I recently discovered a robot called SEER, which can copy your facial expressions in real-time. This is called the “Simulative Emotional Expression System,” and many companies making robots are trying to do the same thing.
It’s important because it blurs the line between humans and machines, especially for robots that are supposed to be companions for people. However, SEER’s technology can cost a lot of money.
I want to create a basic, low-cost, and open-source version of this technology so that new engineers in robotics can use it and make their own systems. This is a big project, so I’ll break it down into two parts.
First, we’ll learn how to track the movements of a person’s face, and then we’ll figure out how to make a robot copy those expressions.
For the first part, here’s what we’ll need:
Bill of Materials
|Raspberry pi/ Laptop||1||4GB Grater Ram||4000|
|Camera||1||Raspebrry Pi DSI Camera||3000|
|Servo Motors||4||Micro Servo||800|
Code for Facial Expression Recognition
First, you’ll need to set up your Python environment. Make sure you have Python 3 or a newer version installed, along with an Integrated Development and Learning Environment (IDLE) like Thonny, Genny, or IDLE3.
Next, you’ll need to install the necessary modules and libraries for your coding project:
Numpy: This helps translate facial expressions into numerical arrays and calculate distances between facial landmark points. To install Numpy, open your terminal and run:
sudo pip3 install numpy
Dlib: This assists in extracting facial landmarks from the face. To install Dlib, use:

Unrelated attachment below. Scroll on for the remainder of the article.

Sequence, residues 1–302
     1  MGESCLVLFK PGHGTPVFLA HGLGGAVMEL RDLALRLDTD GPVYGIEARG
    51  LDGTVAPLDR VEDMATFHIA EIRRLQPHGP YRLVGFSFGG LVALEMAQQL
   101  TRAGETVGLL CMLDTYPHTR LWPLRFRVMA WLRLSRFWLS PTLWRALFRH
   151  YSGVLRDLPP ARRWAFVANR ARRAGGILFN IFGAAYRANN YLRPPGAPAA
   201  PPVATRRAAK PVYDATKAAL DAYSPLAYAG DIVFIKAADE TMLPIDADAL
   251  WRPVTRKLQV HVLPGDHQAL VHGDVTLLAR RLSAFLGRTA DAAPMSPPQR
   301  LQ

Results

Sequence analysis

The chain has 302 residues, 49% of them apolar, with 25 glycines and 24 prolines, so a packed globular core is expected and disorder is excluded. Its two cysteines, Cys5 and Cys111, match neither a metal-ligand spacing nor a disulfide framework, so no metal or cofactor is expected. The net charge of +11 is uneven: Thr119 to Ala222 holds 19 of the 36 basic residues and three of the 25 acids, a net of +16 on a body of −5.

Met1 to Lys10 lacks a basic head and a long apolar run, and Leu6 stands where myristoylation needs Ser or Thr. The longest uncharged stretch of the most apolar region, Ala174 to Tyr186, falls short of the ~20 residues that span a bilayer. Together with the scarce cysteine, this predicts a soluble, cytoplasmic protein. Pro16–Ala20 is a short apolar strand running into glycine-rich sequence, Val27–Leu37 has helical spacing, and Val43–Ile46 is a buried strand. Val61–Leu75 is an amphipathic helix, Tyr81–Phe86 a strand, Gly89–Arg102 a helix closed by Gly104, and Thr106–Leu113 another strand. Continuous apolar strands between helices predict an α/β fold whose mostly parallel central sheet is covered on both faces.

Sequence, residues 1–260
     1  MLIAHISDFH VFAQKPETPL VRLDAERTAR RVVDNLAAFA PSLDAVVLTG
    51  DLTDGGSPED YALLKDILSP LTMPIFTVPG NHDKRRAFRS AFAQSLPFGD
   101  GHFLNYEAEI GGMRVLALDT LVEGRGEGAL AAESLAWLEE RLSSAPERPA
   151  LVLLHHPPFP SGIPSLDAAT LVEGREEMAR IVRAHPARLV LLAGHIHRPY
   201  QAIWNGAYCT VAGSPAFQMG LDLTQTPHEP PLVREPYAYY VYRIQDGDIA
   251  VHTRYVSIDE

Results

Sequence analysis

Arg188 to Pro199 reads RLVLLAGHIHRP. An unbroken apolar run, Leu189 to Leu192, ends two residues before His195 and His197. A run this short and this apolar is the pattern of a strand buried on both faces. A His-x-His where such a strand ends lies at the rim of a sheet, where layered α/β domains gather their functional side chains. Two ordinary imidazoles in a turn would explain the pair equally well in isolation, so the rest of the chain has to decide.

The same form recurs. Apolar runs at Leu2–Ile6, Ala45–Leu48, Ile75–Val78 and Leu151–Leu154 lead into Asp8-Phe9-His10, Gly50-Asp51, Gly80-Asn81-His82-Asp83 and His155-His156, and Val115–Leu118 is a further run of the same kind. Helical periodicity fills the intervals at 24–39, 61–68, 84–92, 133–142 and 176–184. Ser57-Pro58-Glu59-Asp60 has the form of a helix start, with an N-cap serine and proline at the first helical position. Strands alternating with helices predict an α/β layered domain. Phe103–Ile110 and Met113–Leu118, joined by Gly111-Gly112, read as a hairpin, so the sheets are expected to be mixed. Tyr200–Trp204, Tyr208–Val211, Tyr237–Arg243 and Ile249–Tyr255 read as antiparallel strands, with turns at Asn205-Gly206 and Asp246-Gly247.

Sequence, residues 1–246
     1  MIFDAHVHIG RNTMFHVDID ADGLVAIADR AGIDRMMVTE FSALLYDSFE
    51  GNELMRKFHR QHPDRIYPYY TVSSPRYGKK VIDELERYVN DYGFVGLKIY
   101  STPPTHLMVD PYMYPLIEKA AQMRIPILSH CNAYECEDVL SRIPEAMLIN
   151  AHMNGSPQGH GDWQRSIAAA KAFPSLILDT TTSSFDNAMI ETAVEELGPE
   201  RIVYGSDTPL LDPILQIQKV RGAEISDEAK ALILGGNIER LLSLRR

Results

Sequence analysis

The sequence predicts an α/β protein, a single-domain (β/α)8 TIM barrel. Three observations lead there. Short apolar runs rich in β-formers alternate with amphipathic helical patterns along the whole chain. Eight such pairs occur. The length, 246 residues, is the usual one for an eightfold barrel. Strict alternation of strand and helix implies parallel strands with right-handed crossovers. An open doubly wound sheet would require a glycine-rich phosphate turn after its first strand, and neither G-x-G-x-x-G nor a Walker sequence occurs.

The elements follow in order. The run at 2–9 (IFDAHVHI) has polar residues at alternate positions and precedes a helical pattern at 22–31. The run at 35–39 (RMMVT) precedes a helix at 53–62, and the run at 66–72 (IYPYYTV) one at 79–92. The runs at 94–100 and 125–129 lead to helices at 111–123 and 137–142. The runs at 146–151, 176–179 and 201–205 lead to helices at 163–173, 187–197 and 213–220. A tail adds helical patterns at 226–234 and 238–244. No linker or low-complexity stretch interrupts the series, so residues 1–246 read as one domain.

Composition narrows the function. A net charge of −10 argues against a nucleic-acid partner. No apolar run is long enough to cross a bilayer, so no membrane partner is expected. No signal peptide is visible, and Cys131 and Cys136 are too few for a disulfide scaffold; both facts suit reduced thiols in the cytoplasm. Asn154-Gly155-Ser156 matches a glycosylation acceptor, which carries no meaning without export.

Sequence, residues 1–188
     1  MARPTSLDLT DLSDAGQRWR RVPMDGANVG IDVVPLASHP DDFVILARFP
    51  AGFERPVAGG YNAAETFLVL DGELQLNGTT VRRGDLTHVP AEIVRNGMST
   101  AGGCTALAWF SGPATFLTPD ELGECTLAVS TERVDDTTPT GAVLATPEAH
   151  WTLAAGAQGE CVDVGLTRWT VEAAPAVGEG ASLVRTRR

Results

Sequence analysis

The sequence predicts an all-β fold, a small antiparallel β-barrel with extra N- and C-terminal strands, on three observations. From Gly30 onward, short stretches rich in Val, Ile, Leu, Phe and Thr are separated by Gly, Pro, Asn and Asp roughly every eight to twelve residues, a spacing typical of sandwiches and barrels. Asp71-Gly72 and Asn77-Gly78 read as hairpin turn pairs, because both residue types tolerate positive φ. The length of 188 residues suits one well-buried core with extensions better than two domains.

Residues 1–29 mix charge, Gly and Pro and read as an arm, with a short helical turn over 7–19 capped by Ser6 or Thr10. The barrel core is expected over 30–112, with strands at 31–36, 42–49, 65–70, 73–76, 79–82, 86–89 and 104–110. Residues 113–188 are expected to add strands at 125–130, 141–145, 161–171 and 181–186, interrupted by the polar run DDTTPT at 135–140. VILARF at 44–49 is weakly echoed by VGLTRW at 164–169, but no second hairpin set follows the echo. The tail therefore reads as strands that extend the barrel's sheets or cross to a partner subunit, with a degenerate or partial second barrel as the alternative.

sudo pip3 install dlib
OpenCV: This is useful for capturing real-time video and processing faces. To install OpenCV, run:
sudo pip3 install opencv
Pyserial: You’ll need this library to send commands and values to a servo controller device for mimicking recognized facial expressions.
Once you’ve installed all these components, you’re ready to start coding.
Begin by opening Python IDLE3 and importing the necessary libraries and modules, including Numpy, Dlib, and OpenCV.
Also, set the path for the face landmark predictor model, which should be in “.dat” format and can be downloaded from GitLab.
Next, create a while loop to capture real-time video frames and process them.
Here’s a basic outline of the steps:
- Convert the image frame from BGR to grayscale for faster processing.
- Resize the frame to a smaller size.
- Use the facial landmarks predictor model to predict landmarks on the image using Dlib.
- Convert these landmarks into a numerical array using NumPy.
Once you’ve captured the landmarks, you can extract specific parts of the face from the array, like the left eye, right eye, left eyebrow, right eyebrow, lips, etc.
You can also include additional landmarks like cheeks, chin, nose, etc., for more precise facial expression simulation in robots.
Finally, you can track changes and positions of these landmarks in real time as they move when you raise an eyebrow, blink, or move your lips. This tracking data can be used to simulate facial expressions in your robot project.
Execute the code, and a video will display, tracking your facial landmarks in real-time. As you move your face quickly and make different expressions, the system will capture and display these changes instantly.
Note:-Translating the Landmarks and servomotor calibration will be carried out in the next part. We will update you soon… you can subscribe to the EFY newsletter for this.
Till then…You can check our other facial recognition robots